The belly of the Atlantic

I remember once going to the beach on a school field trip. We went to Sandy Hook on probably the worst day. There had just been a terrible storm, the likes of which blew hundreds of jellyfish onto the shore, waiting to die and become food for the gulls. We looked at the ocean on this inopportune day from a distance, for my teacher, whose face is now but a smudge in my mind, did not allow us to go onto the beach. Across the water, I could see nothing. The earth swelled on the horizon, obscuring whatever could have been further out at sea beyond my vision. At this moment, inhabiting that memory, as someone deeply inhales the scents trapped in the old clothes of the long-lost, I can imagine the understanding that nothing existed across the Atlantic and that it was impossible to cross. We hear that Columbus believed the world was smaller, and this was true, but mathematicians had known the diameter of the Earth and knew that it would be impossible for someone to cross the ends of the planet which the Atlantic Ocean represented.

Flash forward almost ten years, and I’m on a flight climbing fast out of JFK. New York City and Long Island are but an amalgamation of pretty orange lights, arranged into what seems to me to be the veins of mint leaves. As I try to read my book, I peek out occasionally to see the city slowly disappearing from my field of vision, swallowed up by a blackness which I can only imagine to be the Atlantic Ocean. The second time I look back, I can only see a vague collection of orange, an amoebic figure in the corner of the sky. The third time, I see nothing.

I did not think that the Atlantic Ocean would end for it was all I saw for several hours. With time, I found it more and more difficult to concentrate on my book, and I put it down in an attempt to get some rest. When my body only allowed me to sleep for thirty or so minutes, I found myself stealing glances at the blackness of the ocean from behind my complimentary sleep-mask. In my mind, there is not much distance between Europe and the United States, for on a map, one can stretch their thumb between the two continents. The United States seems so much larger than the rest of the world — a reality I began to question when it took nearly four hours to finish flying from Morocco to Dakar which was relatively negligible in my ignorance. Yet, as I gazed out of my plane, my body, inert, rocketing at several hundreds of miles an hour several thousands of miles above the sea, I began to realize the gravity of the adventure I had just embarked upon. I realized that I was soon to be further away from my parents than I had ever been in a country I knew little about in which business was conducted in a language that I had little confidence speaking. In those moments, I switched places with the child who stared breathlessly at the expanse of the Atlantic, at the gravity of the world’s immensity. The travel nurse’s warnings to me about all of the terrible maladies I could get which could so easily extinguish my life played over and over again to the beat of my increasing heart rate. In a rehearsed motion, I closed my eyes – still blindfolded – and said my gibberish mantra and the words “all is well.”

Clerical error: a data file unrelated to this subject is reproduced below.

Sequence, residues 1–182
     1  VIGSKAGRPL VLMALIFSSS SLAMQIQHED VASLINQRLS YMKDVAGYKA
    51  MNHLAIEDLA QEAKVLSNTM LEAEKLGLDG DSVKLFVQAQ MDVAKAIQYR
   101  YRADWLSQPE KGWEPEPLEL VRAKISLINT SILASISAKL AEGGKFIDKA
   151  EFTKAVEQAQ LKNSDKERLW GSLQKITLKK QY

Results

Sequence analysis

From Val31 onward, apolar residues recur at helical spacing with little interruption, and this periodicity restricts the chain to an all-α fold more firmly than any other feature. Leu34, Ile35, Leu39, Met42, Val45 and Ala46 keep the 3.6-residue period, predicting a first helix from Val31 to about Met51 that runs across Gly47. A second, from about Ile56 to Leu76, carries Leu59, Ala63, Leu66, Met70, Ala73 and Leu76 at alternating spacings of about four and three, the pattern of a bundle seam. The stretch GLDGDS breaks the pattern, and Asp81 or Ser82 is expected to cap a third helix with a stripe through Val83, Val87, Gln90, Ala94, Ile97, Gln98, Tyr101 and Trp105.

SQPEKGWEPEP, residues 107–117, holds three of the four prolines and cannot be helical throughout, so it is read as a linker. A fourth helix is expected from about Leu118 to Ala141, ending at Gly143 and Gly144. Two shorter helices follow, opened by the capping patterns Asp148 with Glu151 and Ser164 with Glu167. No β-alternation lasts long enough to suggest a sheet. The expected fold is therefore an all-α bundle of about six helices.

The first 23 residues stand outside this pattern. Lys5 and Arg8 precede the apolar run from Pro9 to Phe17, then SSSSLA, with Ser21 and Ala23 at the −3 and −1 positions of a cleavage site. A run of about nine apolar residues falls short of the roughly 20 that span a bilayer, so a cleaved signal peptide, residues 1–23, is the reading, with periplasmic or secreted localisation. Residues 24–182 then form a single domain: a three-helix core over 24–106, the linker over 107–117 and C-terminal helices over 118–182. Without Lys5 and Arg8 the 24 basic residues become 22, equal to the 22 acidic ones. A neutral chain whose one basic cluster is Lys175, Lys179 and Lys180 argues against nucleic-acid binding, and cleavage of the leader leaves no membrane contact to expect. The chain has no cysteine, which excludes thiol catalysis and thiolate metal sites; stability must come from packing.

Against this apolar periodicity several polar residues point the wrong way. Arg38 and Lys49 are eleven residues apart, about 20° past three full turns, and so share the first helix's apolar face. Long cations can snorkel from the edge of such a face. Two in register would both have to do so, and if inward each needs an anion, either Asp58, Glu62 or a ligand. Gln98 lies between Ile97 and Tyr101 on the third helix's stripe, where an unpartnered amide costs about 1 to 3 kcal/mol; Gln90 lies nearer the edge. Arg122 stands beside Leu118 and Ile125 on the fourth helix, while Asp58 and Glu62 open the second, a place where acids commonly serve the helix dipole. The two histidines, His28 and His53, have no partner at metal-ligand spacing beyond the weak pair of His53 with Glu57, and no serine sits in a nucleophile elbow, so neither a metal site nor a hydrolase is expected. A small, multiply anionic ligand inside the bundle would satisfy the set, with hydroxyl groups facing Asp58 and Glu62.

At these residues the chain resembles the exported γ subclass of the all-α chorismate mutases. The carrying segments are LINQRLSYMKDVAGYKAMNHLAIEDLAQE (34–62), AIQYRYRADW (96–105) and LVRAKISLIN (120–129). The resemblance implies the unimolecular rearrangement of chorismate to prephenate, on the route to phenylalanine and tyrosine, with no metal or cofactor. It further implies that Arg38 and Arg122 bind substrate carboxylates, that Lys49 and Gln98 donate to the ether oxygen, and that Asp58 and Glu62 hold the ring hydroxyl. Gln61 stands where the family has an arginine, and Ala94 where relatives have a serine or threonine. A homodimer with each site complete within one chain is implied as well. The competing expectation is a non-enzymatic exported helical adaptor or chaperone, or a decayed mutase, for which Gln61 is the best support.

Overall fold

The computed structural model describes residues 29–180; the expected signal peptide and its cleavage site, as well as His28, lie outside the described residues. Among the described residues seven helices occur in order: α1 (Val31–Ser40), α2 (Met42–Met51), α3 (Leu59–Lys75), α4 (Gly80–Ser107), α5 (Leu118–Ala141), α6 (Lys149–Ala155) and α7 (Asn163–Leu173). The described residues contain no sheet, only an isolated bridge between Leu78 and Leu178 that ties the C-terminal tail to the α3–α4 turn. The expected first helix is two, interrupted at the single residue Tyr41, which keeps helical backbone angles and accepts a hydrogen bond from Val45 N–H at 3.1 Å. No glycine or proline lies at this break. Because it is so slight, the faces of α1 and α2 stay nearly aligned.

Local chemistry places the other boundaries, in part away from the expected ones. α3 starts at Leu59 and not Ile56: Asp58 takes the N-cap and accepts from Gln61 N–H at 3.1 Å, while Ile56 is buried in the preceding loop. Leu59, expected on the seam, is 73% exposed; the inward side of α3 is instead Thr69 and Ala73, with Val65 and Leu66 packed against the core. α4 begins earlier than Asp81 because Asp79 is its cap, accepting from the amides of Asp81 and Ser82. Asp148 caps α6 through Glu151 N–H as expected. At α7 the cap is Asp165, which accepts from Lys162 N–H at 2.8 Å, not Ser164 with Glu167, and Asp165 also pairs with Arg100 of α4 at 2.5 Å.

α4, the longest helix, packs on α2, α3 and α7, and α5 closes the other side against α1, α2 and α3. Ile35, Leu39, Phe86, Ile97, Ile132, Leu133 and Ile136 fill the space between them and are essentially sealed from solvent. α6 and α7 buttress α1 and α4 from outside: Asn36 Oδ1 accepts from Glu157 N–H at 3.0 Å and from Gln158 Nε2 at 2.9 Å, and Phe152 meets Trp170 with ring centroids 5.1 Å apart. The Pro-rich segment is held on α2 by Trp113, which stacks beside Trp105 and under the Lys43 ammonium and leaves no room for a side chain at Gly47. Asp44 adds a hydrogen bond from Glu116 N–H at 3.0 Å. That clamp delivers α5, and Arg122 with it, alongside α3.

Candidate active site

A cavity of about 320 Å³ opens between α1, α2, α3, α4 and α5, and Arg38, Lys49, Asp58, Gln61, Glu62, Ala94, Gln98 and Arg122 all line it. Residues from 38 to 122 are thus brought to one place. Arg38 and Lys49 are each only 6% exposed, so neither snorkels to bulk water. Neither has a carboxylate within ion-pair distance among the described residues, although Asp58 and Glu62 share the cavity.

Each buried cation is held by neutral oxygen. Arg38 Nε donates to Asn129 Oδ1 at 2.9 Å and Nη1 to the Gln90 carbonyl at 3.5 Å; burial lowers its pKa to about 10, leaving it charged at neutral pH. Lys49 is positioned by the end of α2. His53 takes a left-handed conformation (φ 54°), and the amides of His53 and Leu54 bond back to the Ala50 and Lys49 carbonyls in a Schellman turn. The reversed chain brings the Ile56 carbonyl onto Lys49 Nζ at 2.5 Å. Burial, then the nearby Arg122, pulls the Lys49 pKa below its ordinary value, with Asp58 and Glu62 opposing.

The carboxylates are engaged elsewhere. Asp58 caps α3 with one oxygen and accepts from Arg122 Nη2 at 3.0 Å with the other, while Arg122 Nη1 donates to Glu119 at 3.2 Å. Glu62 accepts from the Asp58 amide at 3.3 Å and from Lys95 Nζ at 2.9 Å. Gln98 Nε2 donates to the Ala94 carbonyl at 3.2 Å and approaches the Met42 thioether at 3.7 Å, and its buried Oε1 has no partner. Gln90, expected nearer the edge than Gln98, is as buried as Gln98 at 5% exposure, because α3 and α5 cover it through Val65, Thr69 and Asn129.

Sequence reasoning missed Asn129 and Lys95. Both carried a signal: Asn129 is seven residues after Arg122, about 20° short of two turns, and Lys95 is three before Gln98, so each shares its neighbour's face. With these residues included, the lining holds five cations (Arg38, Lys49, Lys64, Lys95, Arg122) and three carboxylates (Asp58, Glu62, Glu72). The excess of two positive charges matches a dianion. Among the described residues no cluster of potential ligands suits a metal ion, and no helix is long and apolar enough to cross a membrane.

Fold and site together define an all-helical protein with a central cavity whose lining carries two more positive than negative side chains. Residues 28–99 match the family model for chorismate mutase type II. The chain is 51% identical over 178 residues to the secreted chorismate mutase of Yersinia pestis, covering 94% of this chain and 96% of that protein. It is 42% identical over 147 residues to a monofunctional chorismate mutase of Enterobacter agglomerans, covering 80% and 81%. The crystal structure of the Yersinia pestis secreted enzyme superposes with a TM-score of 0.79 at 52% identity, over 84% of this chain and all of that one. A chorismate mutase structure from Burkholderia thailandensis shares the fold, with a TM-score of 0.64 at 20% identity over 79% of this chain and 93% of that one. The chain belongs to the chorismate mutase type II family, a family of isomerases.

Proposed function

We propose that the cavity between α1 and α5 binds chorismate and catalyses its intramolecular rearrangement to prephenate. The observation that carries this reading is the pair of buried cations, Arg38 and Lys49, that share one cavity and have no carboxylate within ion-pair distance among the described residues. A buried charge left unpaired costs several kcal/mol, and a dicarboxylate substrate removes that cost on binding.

After a brief layover in Paris, I arrived in Dakar after another long flight, this time over land and a bit of sea. Spain seemed like a mass of jagged glass from the distance over which we flew, and I believe I woke up from a brief nap somewhere near the coast of Andalucia, the Mediterranean seeming somewhat pallid and quiet. Then we delved into the thick of it before Morocco came and went, followed by the disputed territories of Western Sahara, all of which I assumed only from the flight map which updated every few minutes or so. In reality, the camera on the plane only revealed a mass of sand dunes which, like the Atlantic, seemed infinite.

Dakar is the westernmost point in Afro-Eurasia. No other point on this continental body is closer to the United States, to home, than this city in a relatively unknown country called Senegal. The city is on its own peninsula, Cap-Vert, a hangnail of the African continent which juts out into the Atlantic. A statue in the city, the African Renaissance Monument, the largest in all of Africa, depicts a child pointing out across the water towards les États-Unis. My only connections to home now are my passport, social media and a few Skype credits I’ve accrued.

Why Senegal? I admit, it’s off the beaten path of study abroad destinations. Even now, writing this from my room at my hostel, my suitcase packed to meet my host mother and father tomorrow, I question how much easier my life may have been if I had study in Grenoble or Rouen like I had planned freshman year. Yet, I told myself that I would be coming here to “find myself” in the most typical of ways and I remain steadfast in those plans. Somewhere in this country, I will discover a truth which I would never have seen in France or Belgium or Switzerland. As they say in Senegal, inch’Allah.

I am optimistic of the future, here in sunny Dakar. Optimistic about learning new things, experiencing a new culture, and discovering new nuances to my character. The mythical call of Africa which has been in my ear for months now is gone, for I’m here now, in the land of my ancestors.

Tomorrow I will go to the beach and use the compass on my phone to locate where my family is in the United States, across the unfathomable belly of the Atlantic. And if I see that kid, somehow, across the sea, I’ll whisper over the waves “all is well.”

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